Like defining the service sector itself, defining operations management for the service sector is more problematic than defining operations management for other sectors (i.e., transportation, communications, and utilities; wholesale or retail trade; finance, insurance, and real estate; public administration). It is relatively easy to determine when a widget is not of acceptable quality. The manufacturer will have a manufacturing specification that describes what the tolerances are for the product and quality control will accept or reject the product based on whether or not it is within the specifications. Similarly, a manufacturing process can be evaluated to see where there is waste in the process or where efficiencies can be introduced. However, it is not so obvious where to improve quality or cost-effectiveness for service industries. For example, how does one specify the quality of a new hairstyle? Although in some cases a bad haircut can be obvious to all, a new hairstyle may be a matter of aesthetics: What looked good in the magazine on the 20 year-old model may not look so good on the middle-aged customer with a different bone structure. Similarly, how does one evaluate the cost of creating a new work of art or the training of a hotel employee? Yet, the quality of customer service must be operationally defined in order for the organization to be consistently effective.
Despite the fact that research has shown that customers' opinions of service quality are directly related to company profitability, many service organizations do not try to control and improve quality. This is due in part to the fact that service quality is often difficult and costly to control and improve. It is also due to the differences between the activities and products of the service industry and those of the manufacturing industry. In manufacturing, results are tangible and can be quantified. This fact makes it easier to control quality than in the service industry where the "product" is intangible. Further, in manufacturing, statistical quality control methods can be built into the process so that quality is monitored and corrected at several key points in the process. In most manufacturing processes, there are typically several points at which the product can be quality tested so that substandard parts or products can be rejected or the process can be rectified as necessary before the products reach the consumer. This approach, however, is not possible in the service industry: One cannot do a quality control check on services before they reach the customer.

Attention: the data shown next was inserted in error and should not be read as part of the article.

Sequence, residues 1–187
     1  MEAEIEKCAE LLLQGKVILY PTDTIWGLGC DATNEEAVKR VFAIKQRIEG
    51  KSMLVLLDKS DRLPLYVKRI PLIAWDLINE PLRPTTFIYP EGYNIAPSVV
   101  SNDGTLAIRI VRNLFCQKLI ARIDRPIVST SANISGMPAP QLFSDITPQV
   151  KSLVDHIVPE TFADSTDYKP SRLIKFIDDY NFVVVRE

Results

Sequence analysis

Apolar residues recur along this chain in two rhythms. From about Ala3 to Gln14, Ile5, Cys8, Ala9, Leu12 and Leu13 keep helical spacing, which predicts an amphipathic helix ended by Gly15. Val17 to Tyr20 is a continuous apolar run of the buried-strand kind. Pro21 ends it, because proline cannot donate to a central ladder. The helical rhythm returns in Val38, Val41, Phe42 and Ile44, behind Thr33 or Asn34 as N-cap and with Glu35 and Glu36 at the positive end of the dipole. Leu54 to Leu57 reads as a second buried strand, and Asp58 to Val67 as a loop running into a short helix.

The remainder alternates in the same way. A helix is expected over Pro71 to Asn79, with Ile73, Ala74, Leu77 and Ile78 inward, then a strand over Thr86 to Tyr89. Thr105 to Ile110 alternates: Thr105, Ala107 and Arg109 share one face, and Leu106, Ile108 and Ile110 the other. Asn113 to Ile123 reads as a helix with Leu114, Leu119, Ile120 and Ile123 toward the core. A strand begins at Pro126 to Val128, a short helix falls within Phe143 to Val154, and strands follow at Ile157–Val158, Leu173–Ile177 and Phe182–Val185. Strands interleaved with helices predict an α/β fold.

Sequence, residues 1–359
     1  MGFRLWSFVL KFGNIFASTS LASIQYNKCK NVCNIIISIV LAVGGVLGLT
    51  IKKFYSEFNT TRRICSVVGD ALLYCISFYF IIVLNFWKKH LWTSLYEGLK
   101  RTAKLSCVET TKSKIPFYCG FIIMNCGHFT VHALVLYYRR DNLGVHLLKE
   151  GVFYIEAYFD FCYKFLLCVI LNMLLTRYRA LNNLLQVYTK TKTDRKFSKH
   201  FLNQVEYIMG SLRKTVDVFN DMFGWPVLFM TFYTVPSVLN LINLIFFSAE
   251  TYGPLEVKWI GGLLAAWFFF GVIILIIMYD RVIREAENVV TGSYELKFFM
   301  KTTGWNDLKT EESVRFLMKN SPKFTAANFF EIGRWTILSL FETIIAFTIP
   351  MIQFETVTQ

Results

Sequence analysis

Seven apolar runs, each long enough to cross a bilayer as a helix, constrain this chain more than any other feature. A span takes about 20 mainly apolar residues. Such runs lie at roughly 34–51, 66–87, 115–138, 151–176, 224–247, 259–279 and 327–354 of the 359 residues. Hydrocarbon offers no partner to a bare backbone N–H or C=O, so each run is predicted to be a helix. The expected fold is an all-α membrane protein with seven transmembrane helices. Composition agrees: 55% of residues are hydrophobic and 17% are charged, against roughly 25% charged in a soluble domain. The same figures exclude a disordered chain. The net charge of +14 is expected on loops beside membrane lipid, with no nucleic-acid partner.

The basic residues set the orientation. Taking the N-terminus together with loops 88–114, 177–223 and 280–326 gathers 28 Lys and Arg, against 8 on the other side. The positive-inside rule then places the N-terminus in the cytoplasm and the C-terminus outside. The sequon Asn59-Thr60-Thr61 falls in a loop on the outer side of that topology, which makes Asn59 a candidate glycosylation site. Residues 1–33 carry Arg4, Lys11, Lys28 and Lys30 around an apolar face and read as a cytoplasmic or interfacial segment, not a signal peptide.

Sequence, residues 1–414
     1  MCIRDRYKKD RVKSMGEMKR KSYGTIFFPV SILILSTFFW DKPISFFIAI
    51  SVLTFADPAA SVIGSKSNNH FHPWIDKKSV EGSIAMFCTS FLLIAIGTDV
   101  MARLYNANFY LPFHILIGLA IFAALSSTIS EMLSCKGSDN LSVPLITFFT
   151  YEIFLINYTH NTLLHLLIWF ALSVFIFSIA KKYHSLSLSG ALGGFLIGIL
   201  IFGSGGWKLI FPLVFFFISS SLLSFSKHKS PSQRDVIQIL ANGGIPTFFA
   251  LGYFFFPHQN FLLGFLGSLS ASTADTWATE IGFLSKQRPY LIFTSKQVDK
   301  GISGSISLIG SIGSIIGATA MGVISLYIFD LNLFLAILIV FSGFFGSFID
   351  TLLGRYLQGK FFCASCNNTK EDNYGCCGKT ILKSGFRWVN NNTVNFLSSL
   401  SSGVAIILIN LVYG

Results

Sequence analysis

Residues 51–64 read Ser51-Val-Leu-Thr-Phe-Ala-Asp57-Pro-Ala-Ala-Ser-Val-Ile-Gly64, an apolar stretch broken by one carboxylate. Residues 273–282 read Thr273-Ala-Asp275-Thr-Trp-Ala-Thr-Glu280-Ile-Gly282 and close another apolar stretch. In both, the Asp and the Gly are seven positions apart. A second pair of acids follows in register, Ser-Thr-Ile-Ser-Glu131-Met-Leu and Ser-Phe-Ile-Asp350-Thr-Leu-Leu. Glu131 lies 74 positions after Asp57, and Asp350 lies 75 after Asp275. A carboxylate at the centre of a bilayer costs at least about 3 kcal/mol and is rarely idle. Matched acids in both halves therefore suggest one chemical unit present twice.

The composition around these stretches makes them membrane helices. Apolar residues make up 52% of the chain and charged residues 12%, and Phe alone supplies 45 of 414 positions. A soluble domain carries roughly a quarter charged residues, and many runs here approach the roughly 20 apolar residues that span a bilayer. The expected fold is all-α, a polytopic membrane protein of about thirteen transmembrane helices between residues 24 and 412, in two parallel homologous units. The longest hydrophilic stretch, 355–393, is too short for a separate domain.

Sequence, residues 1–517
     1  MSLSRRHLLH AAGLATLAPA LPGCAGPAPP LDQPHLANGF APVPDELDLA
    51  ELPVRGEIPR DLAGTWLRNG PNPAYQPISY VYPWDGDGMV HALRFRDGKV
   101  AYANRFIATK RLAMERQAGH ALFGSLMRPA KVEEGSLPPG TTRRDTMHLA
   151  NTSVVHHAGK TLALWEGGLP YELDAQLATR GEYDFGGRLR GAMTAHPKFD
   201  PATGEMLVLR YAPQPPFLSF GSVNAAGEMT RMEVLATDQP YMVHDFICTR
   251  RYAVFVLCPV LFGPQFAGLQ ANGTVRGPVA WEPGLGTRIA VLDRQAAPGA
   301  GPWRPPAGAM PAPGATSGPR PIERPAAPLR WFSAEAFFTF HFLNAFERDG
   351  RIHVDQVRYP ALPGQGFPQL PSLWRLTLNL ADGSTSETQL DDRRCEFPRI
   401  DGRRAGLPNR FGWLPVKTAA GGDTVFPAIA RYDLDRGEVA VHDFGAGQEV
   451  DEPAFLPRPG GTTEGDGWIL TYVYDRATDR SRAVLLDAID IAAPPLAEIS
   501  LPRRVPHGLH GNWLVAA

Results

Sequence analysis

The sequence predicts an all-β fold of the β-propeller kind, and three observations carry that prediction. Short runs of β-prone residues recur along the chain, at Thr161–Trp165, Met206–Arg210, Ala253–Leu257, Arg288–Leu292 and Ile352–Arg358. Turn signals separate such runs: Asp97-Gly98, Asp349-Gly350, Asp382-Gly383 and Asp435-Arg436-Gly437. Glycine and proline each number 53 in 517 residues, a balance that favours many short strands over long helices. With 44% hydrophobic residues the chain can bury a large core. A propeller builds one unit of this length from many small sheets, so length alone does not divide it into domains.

Three Reasons for Control Difficulties
There are three reasons that services are difficult to control: intangibility, heterogeneity, and inseparability. The quality of customer service is not based on a product that one can touch. Characteristics of good customer service more often have to do with speed of delivery of the service, the competence with which the service is delivered, and the courtesy with which it is offered. Such factors are difficult to quantify for a number of reasons, not the least of which is the perceptions and expectations of the customer. It can be difficult to operationally define good customer service. For example, does walking the customer through a troubleshooting procedure step-by-step in an attempt to be thorough constitute good customer service, or does listening to the customer in an attempt to find out what s/he has already tried constitute good customer service? The former situation is apt to antagonize someone who is knowledgeable about the process while the latter approach is likely to miss important steps with a customer who only thinks s/he is knowledgeable. In some situations, there are, of course, some aspects of customer service that are tangible (e.g., receiving starter checks when opening a new bank account). However, these tend to be much poorer predictors of customer satisfaction than are the intangible factors.
Factors that Affect Quality of Service
In addition to being intangible, services tend to be heterogeneous in nature, and not consistently performed. Quality of service depends on a number of factors, including the personalities and expectations of each of the parties involved. For example, when a technophobe calls a technical support help line to troubleshoot what is wrong with his computer, he expects and needs to be treated with a step-by-step, hand-holding approach that will allow him to trust the person on the other end to walk him through the steps. If an experienced computer programmer calls the technical help line, however, the same step-by-step approach based on the assumption that the customer is clueless is more apt to be irritating than helpful. Similarly, the retail assistant who greets the customer at the door and follows her throughout the shopping experience may be perceived as helpful to some customers and intrusive by other customers. Human nature makes customer service a complicated process. What works with a given customer today (e.g., when the customer wants help) may not work with the same customer tomorrow (e.g., when the customer is in a hurry and does not want to linger over the process).
A third characteristic of customer service is inseparability. Customer service is performed in the presence of the customer and becomes inseparable in the customer's mind from the organization as a whole. So, for example, if a software manufacturing company provides poor customer service to someone logging on to the support database or calling the technical help line, in the customer's mind, the service will be inseparable from the product. Most customers do not differentiate between the quality of the product and the quality of the service. An overview of the dimensions of customer service is given in Table 1.
Table 1: Dimensions of Customer Service (Adapted from Armistead, 1989, p. 249)